For a little more you could even go into medium format with something like a Bronica ETR series camera and if you want to stay with 35mm get either or both the 35N normal back or the 35W panaramic back. These had non-metered prisms, rotary prism and waist level finder as well as 2 metered versions. It also, of course, is a 1st rate mf camera so, the best of both film sizes.

    For metering landscapes depending on type either a spot or averaging meter works; just need to make sure you do not pick up too much sky with an averaging meter. I found the Weston Ranger with a metering of abount 12 degrees that is between the spot and averaging is excellent as it has an aiming lens similar to a spot. Also, the Metrastar has a similar angle of metering and uses an aiming lens. The Ranger is larger, and uses 2 batteries and does not feel like you could drive nails with it compared to the Metrastar but, the Zone System dial available for it is a great acc'y if you are planning to use it. I use both and like them equally. Neither costs an arm and a leg on the used market and as good as far more expensive meters. The company that made the Metrastar also made the Leica meters if you are not familiar with the company and I'm sure Weston needs no introduction.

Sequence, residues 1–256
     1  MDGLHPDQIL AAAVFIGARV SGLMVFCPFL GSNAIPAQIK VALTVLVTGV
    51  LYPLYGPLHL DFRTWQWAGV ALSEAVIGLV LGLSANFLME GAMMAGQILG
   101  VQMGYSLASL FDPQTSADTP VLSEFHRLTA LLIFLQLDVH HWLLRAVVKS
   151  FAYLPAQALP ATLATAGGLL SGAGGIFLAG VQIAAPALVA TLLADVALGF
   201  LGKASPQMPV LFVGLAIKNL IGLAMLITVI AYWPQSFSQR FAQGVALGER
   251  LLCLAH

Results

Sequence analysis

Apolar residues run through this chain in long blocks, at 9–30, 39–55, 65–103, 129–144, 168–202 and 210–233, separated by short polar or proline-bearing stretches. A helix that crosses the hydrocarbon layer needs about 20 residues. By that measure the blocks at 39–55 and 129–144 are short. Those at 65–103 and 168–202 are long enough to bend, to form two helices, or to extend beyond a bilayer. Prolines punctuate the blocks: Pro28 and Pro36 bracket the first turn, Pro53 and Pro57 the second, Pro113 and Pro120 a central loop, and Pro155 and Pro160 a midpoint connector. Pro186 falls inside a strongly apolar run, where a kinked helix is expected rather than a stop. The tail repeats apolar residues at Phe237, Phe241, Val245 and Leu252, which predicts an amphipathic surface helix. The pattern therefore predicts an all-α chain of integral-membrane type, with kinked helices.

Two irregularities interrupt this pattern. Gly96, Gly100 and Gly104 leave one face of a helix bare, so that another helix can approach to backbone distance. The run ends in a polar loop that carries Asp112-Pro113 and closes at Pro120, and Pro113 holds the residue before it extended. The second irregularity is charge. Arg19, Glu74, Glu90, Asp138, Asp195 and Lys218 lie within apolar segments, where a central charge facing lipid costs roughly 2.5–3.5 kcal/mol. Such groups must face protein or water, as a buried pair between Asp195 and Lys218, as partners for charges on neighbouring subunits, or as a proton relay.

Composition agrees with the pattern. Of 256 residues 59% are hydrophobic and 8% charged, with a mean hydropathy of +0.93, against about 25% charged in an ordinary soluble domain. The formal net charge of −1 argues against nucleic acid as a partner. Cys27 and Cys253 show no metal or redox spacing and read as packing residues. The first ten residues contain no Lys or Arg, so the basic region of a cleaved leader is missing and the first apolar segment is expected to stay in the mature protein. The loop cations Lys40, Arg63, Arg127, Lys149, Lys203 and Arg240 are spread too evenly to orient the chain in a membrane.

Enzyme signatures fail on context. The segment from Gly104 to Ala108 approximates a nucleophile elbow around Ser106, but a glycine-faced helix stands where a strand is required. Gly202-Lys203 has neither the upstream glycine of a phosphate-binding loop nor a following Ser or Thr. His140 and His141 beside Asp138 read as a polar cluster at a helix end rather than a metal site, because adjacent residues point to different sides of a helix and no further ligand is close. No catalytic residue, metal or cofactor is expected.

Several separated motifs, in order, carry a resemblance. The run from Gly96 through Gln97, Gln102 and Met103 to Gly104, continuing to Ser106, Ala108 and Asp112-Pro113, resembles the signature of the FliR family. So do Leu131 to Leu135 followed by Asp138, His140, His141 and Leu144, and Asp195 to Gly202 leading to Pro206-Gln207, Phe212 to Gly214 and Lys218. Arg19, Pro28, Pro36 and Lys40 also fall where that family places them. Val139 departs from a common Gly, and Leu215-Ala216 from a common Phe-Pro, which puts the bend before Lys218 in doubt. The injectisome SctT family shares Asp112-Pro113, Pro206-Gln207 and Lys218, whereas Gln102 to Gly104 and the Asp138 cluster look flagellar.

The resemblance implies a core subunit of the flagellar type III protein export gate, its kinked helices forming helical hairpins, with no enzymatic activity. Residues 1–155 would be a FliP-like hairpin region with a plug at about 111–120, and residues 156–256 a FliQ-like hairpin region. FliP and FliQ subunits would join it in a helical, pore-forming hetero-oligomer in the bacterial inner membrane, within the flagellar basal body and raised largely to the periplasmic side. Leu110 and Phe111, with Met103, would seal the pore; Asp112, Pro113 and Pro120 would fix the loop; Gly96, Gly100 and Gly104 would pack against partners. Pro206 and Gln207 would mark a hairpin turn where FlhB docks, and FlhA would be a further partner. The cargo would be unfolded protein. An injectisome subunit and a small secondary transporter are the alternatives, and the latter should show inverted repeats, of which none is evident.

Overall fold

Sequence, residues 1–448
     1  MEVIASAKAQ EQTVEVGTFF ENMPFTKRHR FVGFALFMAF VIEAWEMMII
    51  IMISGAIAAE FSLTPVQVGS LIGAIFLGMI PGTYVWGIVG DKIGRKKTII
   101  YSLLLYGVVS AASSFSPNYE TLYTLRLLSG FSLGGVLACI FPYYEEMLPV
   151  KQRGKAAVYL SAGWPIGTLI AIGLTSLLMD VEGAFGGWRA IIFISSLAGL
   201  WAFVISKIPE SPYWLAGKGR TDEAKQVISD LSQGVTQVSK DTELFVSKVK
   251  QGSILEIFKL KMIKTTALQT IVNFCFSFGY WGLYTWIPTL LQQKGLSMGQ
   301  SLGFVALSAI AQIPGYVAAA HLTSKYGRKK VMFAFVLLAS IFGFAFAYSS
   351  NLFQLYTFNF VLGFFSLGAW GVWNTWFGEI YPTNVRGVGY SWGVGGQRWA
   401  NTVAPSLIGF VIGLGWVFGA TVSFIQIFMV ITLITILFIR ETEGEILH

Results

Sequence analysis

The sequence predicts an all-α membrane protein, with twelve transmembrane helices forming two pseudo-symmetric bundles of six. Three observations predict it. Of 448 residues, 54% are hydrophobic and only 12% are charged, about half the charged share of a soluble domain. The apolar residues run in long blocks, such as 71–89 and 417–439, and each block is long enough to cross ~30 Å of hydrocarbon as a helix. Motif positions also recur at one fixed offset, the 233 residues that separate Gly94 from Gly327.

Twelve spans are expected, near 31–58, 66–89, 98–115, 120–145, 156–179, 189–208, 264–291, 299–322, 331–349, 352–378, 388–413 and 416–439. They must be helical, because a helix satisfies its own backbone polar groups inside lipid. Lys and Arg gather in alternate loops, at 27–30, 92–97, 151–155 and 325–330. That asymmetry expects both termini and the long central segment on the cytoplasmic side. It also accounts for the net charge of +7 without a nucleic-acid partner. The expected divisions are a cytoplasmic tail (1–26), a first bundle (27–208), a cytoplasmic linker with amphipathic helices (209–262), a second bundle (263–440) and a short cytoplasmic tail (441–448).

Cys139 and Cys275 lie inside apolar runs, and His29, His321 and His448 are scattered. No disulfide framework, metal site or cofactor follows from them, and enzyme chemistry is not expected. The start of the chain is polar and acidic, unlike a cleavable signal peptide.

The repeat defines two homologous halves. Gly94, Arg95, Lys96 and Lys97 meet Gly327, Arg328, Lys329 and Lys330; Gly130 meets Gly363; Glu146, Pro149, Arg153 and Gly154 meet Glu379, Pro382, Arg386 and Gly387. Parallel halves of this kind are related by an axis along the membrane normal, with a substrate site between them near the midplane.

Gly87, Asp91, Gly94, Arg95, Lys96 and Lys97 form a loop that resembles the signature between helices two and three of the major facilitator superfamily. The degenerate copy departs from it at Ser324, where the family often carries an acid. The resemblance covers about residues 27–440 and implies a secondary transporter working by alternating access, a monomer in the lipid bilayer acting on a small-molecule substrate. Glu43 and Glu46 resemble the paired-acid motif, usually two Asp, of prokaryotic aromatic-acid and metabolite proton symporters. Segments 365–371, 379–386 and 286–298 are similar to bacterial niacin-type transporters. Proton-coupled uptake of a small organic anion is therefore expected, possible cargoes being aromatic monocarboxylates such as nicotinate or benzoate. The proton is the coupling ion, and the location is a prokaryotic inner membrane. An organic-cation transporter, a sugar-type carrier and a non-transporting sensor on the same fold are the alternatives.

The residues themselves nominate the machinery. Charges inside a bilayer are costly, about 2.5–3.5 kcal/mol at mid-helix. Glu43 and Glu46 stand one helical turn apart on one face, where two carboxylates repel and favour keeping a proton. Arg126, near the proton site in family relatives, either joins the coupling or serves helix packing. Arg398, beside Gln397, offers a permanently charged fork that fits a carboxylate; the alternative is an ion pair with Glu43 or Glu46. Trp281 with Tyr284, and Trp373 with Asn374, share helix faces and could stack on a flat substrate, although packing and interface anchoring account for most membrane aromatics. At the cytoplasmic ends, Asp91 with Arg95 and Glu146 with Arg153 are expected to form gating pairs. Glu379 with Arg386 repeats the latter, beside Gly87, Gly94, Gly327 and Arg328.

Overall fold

13. baachitraka

    baachitraka Subscriber

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    I will keep my OM-1n as it is, apart from CLA. I thought it might bring leica like feeling without meter...hmm...seems, I'm wrong.

    Asahi Pentax Spotmeter V looks very interesting.
     
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  15. E. von Hoegh

    E. von Hoegh Member

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    Yes, the 3 and 4 have the same spotmetering systems. The 3 makes a very good spotmeter with a 200mm lens.:smile:
     
  16. baachitraka

    baachitraka Subscriber

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    Hmm...OM-3 alone costing more than new spot-mete ;-)
     
  17. E. von Hoegh